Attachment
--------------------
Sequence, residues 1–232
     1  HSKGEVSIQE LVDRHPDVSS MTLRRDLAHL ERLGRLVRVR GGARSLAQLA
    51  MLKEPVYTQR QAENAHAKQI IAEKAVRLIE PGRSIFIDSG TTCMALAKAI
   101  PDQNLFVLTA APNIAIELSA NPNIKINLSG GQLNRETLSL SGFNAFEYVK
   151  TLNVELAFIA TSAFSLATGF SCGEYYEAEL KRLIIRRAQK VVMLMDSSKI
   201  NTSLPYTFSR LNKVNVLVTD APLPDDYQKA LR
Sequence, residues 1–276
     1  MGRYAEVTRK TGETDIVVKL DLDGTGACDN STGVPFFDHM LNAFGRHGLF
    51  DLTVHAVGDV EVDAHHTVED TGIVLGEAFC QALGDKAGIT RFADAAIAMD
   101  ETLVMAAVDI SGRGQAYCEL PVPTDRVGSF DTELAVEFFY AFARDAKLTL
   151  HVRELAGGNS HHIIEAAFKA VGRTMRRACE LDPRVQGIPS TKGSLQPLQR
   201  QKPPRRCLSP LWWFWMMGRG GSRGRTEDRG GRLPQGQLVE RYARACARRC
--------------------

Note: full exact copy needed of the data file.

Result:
Sequence, residues 1–232
     1  HSKGEVSIQE LVDRHPDVSS MTLRRDLAHL ERLGRLVRVR GGARSLAQLA
    51  MLKEPVYTQR QAENAHAKQI IAEKAVRLIE PGRSIFIDSG TTCMALAKAI
   101  PDQNLFVLTA APNIAIELSA NPNIKINLSG GQLNRETLSL SGFNAFEYVK
   151  TLNVELAFIA TSAFSLATGF SCGEYYEAEL KRLIIRRAQK VVMLMDSSKI
   201  NTSLPYTFSR LNKVNVLVTD APLPDDYQKA LR
Sequence, residues 1–276
     1  MGRYAEVTRK TGETDIVVKL DLDGTGACDN STGVPFFDHM LNAFGRHGLF
    51  DLTVHAVGDV EVDAHHTVED TGIVLGEAFC QALGDKAGIT RFADAAIAMD
   101  ETLVMAAVDI SGRGQAYCEL PVPTDRVGSF DTELAVEFFY AFARDAKLTL
   151  HVRELAGGNS HHIIEAAFKA VGRTMRRACE LDPRVQGIPS TKGSLQPLQR
   201  QKPPRRCLSP LWWFWMMGRG GSRGRTEDRG GRLPQGQLVE RYARACARRC